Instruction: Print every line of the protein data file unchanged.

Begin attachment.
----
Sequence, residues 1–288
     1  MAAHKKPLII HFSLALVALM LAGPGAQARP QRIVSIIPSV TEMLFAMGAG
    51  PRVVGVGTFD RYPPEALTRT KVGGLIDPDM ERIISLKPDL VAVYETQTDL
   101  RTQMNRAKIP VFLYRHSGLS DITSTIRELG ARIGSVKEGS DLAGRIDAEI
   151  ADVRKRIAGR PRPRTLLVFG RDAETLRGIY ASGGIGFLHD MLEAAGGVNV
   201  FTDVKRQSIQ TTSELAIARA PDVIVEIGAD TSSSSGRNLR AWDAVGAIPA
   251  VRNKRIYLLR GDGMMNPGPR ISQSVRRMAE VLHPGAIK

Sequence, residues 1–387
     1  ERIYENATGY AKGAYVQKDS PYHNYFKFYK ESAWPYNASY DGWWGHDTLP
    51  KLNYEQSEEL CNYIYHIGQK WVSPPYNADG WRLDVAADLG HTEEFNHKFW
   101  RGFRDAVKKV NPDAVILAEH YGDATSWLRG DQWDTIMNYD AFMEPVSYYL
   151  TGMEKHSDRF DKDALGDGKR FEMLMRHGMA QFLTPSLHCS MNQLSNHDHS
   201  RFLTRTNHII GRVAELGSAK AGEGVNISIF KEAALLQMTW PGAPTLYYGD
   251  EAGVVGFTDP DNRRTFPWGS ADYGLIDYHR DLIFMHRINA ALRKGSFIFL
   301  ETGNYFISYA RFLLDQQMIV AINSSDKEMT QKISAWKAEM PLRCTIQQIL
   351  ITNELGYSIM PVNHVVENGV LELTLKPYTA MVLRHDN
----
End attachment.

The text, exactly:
Sequence, residues 1–288
     1  MAAHKKPLII HFSLALVALM LAGPGAQARP QRIVSIIPSV TEMLFAMGAG
    51  PRVVGVGTFD RYPPEALTRT KVGGLIDPDM ERIISLKPDL VAVYETQTDL
   101  RTQMNRAKIP VFLYRHSGLS DITSTIRELG ARIGSVKEGS DLAGRIDAEI
   151  ADVRKRIAGR PRPRTLLVFG RDAETLRGIY ASGGIGFLHD MLEAAGGVNV
   201  FTDVKRQSIQ TTSELAIARA PDVIVEIGAD TSSSSGRNLR AWDAVGAIPA
   251  VRNKRIYLLR GDGMMNPGPR ISQSVRRMAE VLHPGAIK

Sequence, residues 1–387
     1  ERIYENATGY AKGAYVQKDS PYHNYFKFYK ESAWPYNASY DGWWGHDTLP
    51  KLNYEQSEEL CNYIYHIGQK WVSPPYNADG WRLDVAADLG HTEEFNHKFW
   101  RGFRDAVKKV NPDAVILAEH YGDATSWLRG DQWDTIMNYD AFMEPVSYYL
   151  TGMEKHSDRF DKDALGDGKR FEMLMRHGMA QFLTPSLHCS MNQLSNHDHS
   201  RFLTRTNHII GRVAELGSAK AGEGVNISIF KEAALLQMTW PGAPTLYYGD
   251  EAGVVGFTDP DNRRTFPWGS ADYGLIDYHR DLIFMHRINA ALRKGSFIFL
   301  ETGNYFISYA RFLLDQQMIV AINSSDKEMT QKISAWKAEM PLRCTIQQIL
   351  ITNELGYSIM PVNHVVENGV LELTLKPYTA MVLRHDN